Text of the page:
Fair Trade: Working on a Nicaraguan Coffee Farm

Whether we sip it bleary-eyed first thing in the morning or laze over a flamboyantly named cup of it in a café, most of us need our daily dose of coffee.

Fair Trade: Working on a Nicaraguan Coffee Farm

Food Facts

Where: Hacienda Magdalena, on the slopes of Volcán Maderas, Nicaragua
What’s it about: Ensuring Nicaraguans geta fair deal for their coffee production by buying fair trade or better still, volunteering to work on a coffee farm
Top treat: Rich smell of beans roasting over a fire and a welcome brew after a hard day on the farm

Coffee for life

Whether we sip it bleary-eyed first thing in the morning or laze over a flamboyantly named cup of it in a café, most of us need our daily dose of coffee. In Nicaragua however, coffee isn’t just a part of many people’s lifestyles – it is their life. Hundreds of thousands of people grow and pick coffee and it is a vital part of Nicaragua’s export economy.

But just as our relationship with coffee is plagued by the dangers of caffeine over-consumption and addiction, Nicaraguans have found that dependence on the bean has brought far more destructive problems to the communities cultivating it. In the early nineties, Nicaragua embraced a new economic model of export-led growth. It increased its production of coffee and deepened its dependence on it, just as other developing countries did the same. The result was a glut of coffee on the market and an almost 50% drop in its world price since 1998. This has led to the shut down of many Nicaraguan plantations, leaving more than 250,000 Nicaraguans destitute and many living in roadside camps.

Fair Trade

The situation is desperate but there is a movement that offers an answer: fair trade. This means that importers pay a decent price for coffee to producers (often co-operatives) and also provide technical assistance to help them make the transition to organic farming. Doing so earns them a ‘fair trade stamp’ on their coffee goods.

One co-operative involved in this scheme is the Cooperativa Carlos Diaz Cajina, based on the volcanic island of Ometepe on Lake Nicaragua. It is comprised of 30 families and has run since 1979 when the Sandinista revolution allowed them to take control of the land they had worked on for now absentee landowners. The co-op is supported by two partner organisations in the United States and Canada which purchase the coffee crop and roast, bag and sell it. All the revenue is returned to Ometepe to fund island community projects. Already, the network has paid for the construction of the island’s first clean drinking water system, benefiting thousands of island residents.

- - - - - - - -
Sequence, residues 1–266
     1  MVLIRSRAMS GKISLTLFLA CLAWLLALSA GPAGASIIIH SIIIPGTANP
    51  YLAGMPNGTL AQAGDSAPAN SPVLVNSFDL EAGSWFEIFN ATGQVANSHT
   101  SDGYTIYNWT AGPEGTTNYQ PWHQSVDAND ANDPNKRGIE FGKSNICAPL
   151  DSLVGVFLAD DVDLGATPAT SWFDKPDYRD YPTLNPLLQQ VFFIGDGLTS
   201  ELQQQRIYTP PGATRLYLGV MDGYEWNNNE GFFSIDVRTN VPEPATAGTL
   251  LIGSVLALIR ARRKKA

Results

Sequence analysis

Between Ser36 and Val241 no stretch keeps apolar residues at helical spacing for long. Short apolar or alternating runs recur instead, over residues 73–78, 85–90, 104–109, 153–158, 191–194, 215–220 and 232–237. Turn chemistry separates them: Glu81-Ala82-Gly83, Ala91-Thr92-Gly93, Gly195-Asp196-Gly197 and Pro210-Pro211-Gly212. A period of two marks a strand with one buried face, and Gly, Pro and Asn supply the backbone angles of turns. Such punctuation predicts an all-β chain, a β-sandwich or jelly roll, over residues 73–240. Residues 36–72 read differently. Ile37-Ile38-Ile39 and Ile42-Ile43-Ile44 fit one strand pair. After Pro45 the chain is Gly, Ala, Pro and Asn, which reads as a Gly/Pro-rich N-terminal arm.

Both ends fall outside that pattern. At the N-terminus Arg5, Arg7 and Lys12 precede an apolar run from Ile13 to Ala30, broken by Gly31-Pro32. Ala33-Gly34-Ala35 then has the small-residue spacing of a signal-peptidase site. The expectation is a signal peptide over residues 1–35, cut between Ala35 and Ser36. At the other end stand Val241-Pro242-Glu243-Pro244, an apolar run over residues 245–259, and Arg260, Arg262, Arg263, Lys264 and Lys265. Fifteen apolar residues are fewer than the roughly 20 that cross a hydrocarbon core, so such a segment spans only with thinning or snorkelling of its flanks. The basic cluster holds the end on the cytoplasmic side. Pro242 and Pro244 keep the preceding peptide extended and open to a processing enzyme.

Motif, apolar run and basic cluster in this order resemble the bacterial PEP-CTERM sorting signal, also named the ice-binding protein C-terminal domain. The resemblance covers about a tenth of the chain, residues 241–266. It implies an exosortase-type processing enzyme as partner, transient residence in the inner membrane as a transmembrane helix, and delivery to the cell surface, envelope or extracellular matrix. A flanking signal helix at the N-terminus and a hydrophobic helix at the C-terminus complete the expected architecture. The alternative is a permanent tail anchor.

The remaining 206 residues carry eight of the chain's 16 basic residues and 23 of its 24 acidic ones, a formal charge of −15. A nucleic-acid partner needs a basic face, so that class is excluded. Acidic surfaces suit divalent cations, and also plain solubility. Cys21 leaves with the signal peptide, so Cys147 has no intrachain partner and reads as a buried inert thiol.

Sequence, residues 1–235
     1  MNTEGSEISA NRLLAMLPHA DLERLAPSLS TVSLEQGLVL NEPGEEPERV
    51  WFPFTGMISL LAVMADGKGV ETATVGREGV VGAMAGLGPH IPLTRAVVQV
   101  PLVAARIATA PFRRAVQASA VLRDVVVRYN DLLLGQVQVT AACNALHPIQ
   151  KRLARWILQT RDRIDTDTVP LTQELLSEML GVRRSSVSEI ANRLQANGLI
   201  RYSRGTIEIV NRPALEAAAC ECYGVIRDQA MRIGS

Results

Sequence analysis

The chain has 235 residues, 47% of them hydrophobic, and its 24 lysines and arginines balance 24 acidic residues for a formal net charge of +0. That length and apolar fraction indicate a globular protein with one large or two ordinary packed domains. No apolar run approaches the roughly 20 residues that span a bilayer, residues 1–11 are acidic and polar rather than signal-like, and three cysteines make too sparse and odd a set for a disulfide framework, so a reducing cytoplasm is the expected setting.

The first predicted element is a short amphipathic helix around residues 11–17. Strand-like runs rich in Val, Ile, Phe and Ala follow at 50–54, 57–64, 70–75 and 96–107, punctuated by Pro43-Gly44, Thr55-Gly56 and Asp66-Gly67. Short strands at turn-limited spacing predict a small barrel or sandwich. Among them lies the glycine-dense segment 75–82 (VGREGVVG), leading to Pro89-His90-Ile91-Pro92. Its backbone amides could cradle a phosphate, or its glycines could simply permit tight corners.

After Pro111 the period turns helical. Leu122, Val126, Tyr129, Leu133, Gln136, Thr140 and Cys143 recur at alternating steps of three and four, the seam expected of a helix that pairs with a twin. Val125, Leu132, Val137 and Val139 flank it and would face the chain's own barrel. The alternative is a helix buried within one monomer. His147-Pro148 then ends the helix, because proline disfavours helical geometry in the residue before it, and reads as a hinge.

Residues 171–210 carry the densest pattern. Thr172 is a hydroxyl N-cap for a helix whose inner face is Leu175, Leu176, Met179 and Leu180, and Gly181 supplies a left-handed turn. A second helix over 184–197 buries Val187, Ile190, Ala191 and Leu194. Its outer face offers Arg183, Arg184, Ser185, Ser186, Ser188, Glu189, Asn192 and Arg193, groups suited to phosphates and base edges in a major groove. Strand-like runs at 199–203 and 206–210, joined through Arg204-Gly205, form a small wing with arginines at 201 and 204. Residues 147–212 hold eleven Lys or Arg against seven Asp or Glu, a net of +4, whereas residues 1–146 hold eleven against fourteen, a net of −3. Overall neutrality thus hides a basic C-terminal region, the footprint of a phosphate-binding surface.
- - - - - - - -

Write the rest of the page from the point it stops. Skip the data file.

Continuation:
Joining in the coffee bean harvest

The Hacienda Magdalena, on the slopes of Volcán Maderas, is owned by the co-operative. The coffee grown by the farm is certified organic and is ‘shade grown’, protecting the beautiful surrounding forest habitat. The wonderfully tumbledown Hacienda is a base-camp for tourists wishing to climb the volcano and provides cheap lodging (around $5 US), meals (about $2 US) and guides for hire. Or you can volunteer to tend and pick coffee and get first hand experience of just how your coffee break comes to fruition – with your basic accommodation and meals for free!

You can help out with most parts of the coffee production process. After an early start, you’ll be taken up the slopes to coffee trees, given a wide wicker basket and shown how to pick the berries; the clusters along the branches are easily brushed off by running a fist along them. The rhythmic repetition of the work means your mind can wander in appreciation of your exotic office space. The surrounding forest resonates to the calls of howler monkeys and twittering birds and glints a perfect green.

Once collected, the berries are tipped into a separator machine that removes the red fruit from the bean. The beans are rinsed and sprinkled across huge patios adjoining the farm to dry out and shed an outer husk. Using a hoe, parallel lines are drawn through the beans every half an hour – an action that turns the beans and gives them all exposure to the sun. After days of drying the beans are ready to be de-husked of a second layer, this time by another machine, and then they’re all ready to be roasted.

There’s not a day that goes by at the Hacienda without the rich, reassuring smell of coffee beans roasting over a wood-fire stove. You can guarantee that you’ll be offered a cup after a demanding day of work. Take it out to the balcony and sip it in a hammock looking out over the peaceful lake vista below.

Getting there

To get to Ometepe take a ferry from San Jorge to Moyagalpa, on the northwest of the island, or Granada to Altagracia on the northeast. From either of these places take a bus to Balgueand ask to be dropped at Hacienda Magdalena. It’s a 15-minute hike up the dirt track to the farm.



Bainbridge-Ometepe Sister Islands Friendship Association
Get yourself a taste of the Hacienda without leaving the comfort of your home. This is one of the two associations that support the co-op – and order yourself the perfect Café Oro de Ometepe for only $30 for three pounds (within the U.S.).


By Kate Griffiths

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